FORT WORTH (CBSDFW.COM) – Despite the global pandemic, tenants can still face late fees for missing rent payments.

In fact, Texas state law stipulates no maximum limit on how much landlords can charge in late fees.

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Friday, May 1 is just around the corner, but many tenants are still behind on April’s rent.

So when it comes to late fees, how much is too much?

“Some people don’t even have the money for rent itself, much less the late fees,” said Sandy Rollins, the executive director of the Texas Tenants’ Union.

Under a new late fee law enacted last September, landlords can charge up to 10% of the monthly rent at properties with more than five units.

In properties with fewer than five units, such as single-family rental homes, that late fee can jump to 12% of the monthly rent.

“We were disappointed to see the legislature go with the 10 and 12%,” Rollins said.

Notice of the fee must be included in the renters’ lease.

The legislation states the tenant may request a written statement of whether he or she owes a late fee to the landlord, and if so, the amount.

Earlier this month, Dallas County Judge Clay Jenkins called for a $15 cap on late fees for rental properties in response to the coronavirus.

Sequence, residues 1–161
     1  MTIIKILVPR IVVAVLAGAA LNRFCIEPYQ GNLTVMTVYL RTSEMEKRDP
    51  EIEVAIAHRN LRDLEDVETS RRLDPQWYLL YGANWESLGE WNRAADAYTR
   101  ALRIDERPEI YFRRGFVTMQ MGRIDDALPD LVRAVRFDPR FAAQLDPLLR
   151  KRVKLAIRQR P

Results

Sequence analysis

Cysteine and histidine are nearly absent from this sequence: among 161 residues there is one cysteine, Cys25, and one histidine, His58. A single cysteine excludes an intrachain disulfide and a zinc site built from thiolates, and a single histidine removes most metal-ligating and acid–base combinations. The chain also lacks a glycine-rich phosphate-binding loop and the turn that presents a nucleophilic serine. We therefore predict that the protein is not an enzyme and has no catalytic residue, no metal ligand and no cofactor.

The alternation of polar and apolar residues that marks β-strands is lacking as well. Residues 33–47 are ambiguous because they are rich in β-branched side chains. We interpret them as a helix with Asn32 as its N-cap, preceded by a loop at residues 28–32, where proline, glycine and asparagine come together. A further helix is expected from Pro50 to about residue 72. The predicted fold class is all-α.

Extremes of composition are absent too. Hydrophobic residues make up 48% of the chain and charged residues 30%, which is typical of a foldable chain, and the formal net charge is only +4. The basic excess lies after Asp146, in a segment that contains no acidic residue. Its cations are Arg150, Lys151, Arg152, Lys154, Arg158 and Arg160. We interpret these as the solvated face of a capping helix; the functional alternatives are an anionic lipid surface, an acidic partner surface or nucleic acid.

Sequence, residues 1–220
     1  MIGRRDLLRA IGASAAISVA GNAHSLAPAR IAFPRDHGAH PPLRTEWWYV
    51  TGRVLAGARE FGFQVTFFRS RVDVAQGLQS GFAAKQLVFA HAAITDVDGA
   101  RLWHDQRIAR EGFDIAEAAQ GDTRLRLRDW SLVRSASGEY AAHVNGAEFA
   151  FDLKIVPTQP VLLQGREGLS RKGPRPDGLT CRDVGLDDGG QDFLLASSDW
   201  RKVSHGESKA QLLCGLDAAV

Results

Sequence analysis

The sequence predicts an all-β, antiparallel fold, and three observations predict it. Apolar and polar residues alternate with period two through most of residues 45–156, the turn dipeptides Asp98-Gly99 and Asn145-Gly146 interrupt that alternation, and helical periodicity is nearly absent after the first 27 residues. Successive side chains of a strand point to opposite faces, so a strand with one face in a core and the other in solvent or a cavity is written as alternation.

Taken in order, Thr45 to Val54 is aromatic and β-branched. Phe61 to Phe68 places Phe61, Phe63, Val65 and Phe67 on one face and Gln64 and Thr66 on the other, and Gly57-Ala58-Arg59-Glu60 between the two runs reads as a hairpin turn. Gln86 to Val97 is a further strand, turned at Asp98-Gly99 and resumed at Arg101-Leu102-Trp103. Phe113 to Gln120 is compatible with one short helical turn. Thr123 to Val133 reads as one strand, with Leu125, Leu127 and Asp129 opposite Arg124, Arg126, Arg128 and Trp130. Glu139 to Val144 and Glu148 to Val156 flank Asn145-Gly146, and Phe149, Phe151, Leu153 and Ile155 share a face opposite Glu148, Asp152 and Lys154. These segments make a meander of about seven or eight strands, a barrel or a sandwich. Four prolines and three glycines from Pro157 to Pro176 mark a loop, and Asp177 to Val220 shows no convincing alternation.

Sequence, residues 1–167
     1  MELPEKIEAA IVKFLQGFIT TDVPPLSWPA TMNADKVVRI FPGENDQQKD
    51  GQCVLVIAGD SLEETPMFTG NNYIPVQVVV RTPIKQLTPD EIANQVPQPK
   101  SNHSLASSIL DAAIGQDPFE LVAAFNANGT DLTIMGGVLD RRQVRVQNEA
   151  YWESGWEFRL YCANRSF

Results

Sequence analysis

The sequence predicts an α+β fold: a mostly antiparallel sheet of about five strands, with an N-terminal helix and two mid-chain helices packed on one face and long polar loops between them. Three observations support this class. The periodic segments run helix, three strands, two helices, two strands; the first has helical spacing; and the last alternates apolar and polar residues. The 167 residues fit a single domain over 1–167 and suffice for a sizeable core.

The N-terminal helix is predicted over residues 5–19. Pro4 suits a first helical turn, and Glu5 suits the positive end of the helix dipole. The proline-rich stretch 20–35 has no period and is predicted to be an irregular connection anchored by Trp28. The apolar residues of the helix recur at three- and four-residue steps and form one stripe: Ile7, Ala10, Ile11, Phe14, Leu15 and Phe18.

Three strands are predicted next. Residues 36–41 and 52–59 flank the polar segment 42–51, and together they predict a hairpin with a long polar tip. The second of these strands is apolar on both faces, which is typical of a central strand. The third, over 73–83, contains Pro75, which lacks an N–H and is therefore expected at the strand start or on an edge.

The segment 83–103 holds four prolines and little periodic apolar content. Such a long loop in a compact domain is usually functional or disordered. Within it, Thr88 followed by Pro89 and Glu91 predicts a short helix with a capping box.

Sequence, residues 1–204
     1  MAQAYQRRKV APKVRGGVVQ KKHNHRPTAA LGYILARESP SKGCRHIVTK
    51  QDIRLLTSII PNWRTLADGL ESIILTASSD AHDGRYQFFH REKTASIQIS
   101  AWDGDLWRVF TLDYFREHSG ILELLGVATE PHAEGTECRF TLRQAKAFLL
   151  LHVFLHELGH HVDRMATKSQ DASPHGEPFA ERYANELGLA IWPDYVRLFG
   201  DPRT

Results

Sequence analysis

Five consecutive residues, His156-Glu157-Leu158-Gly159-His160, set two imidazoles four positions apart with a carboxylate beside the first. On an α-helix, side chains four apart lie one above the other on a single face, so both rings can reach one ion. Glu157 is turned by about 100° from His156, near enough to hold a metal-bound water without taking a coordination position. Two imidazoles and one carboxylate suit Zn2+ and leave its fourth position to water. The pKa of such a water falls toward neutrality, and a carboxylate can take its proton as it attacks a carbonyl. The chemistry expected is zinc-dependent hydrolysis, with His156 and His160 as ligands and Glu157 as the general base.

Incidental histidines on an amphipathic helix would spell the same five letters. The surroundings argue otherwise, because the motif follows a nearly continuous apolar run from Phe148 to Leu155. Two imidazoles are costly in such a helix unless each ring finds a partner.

But in general, discretion usually lies with the landlords.

In fact, operators can charge late fees beyond 10% or 12% of monthly rent.

To be considered “reasonable” under the law, the landlord must charge a late fee that is less than the damages he or she would face as a result of receiving late payment..

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But some landlords are leaning toward leniency.

“Certainly it’s our recommendation that owners be as flexible as possible,” said Ian Mattingly, the former vice president of the Texas Apartment Association. “Many of our larger members have the financial means to be able to waive those late fees entirely.”

Mattingly is also the president of LumaCorp, a property management company in Dallas.

The new law applies to leases signed on or after September 1, 2019.

If you were charged an excessive late fee, inform your landlord of the new state law in writing.

You can also click here to contact the Texas Tenants’ Union.

If a landlord violates the law, they can be charged three times what the renter paid in late fees, a $100 penalty, and the renters’ attorney fees.

But a landlord cannot be punished for charging the late fees. Only collecting the “excessive” late fee can result in a violation.

In response to questions about the new late fee law, the Texas Apartment Association released a guide on the matter.

Click here to read it.

As part of the order passed by Dallas City Council last week, renters must give tenants 21 days to respond to an eviction notice. After that, tenants have 60 days before they need to vacate the premises.

The order also states housing operators cannot charge late fees on unpaid balances during that 60-day period.

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